An investment bank cannot recover for legal malpractice against Morrison & Foerster because, even though the law firm allegedly missed a central fact while doing public-stock-offering due diligence, the bank’s malpractice claim was time-barred after it didn’t act on a public report about fraud committed by the coal company making the stock offering, an appeals court has ruled.
A New York Appellate Division, First Department panel has found that Brean Murray, Carret & Co., a boutique investment bank, could have brought a malpractice lawsuit against Morrison & Foerster in 2011, when a public report confirmed Puda Coal Inc.’s fraudulent transfers of ownership of Shanxi Coal, but launching the legal action in 2016 was too late.
Brean Murray was on “inquiry notice” of Puda Coal’s fraudulent transfers in 2011 and therefore, even though Morrison & Foerster in conducting due diligence allegedly missed the fact that Puda did not possess its purported 90 percent interest in China state-owned Shanxi Coal, it failed on its own “to make a reasonable investigation,” the panel wrote, quoting MBI International Holdings v. Barclays Bank PLC.
“The alleged malpractice occurred in December 2010 when defendant [Morrison & Foerster] issued its opinion letter that ‘nothing has come to our attention that leads us to believe’ that the registration statement ‘contained an untrue statement of a material fact or omitted to state a material fact required to be stated therein or necessary to make the statements therein not misleading,’” the panel wrote. “Thereafter, a public report which broke the news of Puda’s fraud on April 8, 2011, confirmed that the fraudulent transfers of ownership of Shanxi Coal were documented in government filings.”
The panel continued, “There was nothing preventing plaintiff from accusing defendant of substandard care in April 2011, based on defendant’s opinion letter, when compared to statements made in the public report and the securities litigation that followed in April 2011.”
The panel, composed of Justices Rolando Acosta, David Friedman, Barbara Kapnick, Troy Webber and Peter Moulton, also tossed back the investment bank’s argument that the malpractice statute of limitations had been tolled on the basis of equitable estoppel. The justices wrote in their opinion, issued Tuesday, that the doctrine of equitable estoppel “will not toll a limitations statute where plaintiffs possessed timely knowledge sufficient to have placed them under a duty to make inquiry and ascertain all the relevant facts prior to the expiration of the applicable statute of limitations,” quoting Rite Aid v. Grass.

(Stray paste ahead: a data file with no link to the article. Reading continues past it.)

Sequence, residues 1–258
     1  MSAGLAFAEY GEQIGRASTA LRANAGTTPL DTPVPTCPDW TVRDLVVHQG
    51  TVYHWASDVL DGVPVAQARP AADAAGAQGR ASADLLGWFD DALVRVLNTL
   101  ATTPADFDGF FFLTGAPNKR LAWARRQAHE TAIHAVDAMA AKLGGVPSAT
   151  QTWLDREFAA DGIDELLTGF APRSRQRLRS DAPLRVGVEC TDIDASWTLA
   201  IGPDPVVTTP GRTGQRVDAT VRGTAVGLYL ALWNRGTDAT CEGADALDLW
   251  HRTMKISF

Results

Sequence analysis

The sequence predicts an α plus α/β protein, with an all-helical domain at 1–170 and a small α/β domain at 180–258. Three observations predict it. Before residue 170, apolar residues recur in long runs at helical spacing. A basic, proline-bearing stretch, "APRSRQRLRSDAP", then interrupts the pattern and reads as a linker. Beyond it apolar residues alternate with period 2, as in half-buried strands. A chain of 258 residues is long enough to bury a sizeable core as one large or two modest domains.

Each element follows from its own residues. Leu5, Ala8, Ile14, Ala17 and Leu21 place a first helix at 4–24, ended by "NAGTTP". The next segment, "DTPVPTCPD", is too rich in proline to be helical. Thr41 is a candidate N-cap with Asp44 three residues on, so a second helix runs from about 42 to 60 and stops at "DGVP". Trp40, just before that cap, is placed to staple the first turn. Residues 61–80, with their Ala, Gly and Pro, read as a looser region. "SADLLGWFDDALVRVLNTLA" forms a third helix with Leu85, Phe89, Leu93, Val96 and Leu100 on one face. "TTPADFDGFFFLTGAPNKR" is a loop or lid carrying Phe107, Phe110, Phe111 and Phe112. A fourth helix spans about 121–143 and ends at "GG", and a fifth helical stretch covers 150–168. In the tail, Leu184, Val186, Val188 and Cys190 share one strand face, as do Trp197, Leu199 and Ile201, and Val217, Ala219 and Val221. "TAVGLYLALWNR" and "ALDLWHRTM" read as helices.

Moreover, the justices wrote that any special reliance that the investment bank claimed it should have been able to place in Morrison & Foerster’s strong legal reputation, and claimed expertise in China-based companies, was wrongheaded.
Brean Murray’s contention that “it relied on [Morrison & Foerster] because it was a large, international law firm with alleged expertise in China-based companies, and because it trusted that defendant would comply with professional standards and its fiduciary duty to advise plaintiff if its work product was deficient, is misplaced,” the panel wrote.
The panel likewise knocked back the banks’ argument that Morrison & Foerster’s eventual withdrawal as counsel to the bank had acted as a “concealment” that left Brean Murray “in the dark regarding the extent of [Morrison & Foerster’s] potential liability.”
“Even if plaintiff’s allegations of concealment were true, ‘plaintiff [has] failed to demonstrate [its] due diligence, for [it was] on inquiry notice by at least  and failed to make a reasonable investigation,’” the unanimous panel said, again quoting MBI International Holdings. Moreover, the justices noted that “’there is no independent cause of action for concealing malpractice,’” quoting Zarin v. Reid & Priest.
Puda Coal is today described by Bloomberg as a supplier of metallurgical coking coal in China “through its indirect equity ownership in Shanxi Puda Coal Group Co. Ltd.”
In its 2016-filed lawsuit, Brean Murray — which has offices across the country and in China — contended that it was a co-lead underwriter, along with Macquarie Capital (USA) Inc., to underwrite an offering of Puda stock in the U.S. market. The bank further alleged that through Macquarie it had engaged Morrison & Foerster to serve as underwriter’s counsel in connection with the Puda offering.
John Williams, a partner at Williams & Connolly, represented Morrison & Foerster and could not be reached for comment. Nor could Kyle Kolb, an associate at Olshan Frome Wolosky representing Brean Murray.